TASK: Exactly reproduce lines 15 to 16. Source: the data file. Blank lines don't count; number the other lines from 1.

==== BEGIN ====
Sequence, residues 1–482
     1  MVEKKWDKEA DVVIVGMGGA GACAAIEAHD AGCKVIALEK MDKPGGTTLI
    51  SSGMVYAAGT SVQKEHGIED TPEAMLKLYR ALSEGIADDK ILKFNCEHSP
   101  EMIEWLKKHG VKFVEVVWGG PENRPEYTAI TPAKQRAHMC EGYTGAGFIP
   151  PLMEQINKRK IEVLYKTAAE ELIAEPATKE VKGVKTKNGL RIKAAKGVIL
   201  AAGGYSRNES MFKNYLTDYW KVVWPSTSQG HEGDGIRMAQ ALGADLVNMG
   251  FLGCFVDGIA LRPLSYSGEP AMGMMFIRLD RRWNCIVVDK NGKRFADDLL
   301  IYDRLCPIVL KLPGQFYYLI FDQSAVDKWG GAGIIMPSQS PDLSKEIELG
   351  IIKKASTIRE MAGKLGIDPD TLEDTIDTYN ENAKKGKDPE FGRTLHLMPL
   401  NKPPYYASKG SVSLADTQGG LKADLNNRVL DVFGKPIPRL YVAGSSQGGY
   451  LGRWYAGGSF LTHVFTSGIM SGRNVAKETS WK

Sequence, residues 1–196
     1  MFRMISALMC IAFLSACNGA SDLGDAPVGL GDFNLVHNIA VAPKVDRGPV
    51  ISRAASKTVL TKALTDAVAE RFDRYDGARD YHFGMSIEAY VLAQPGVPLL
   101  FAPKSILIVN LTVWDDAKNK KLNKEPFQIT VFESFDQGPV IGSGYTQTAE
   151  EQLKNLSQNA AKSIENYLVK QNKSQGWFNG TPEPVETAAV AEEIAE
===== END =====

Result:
   101  FAPKSILIVN LTVWDDAKNK KLNKEPFQIT VFESFDQGPV IGSGYTQTAE
   151  EQLKNLSQNA AKSIENYLVK QNKSQGWFNG TPEPVETAAV AEEIAE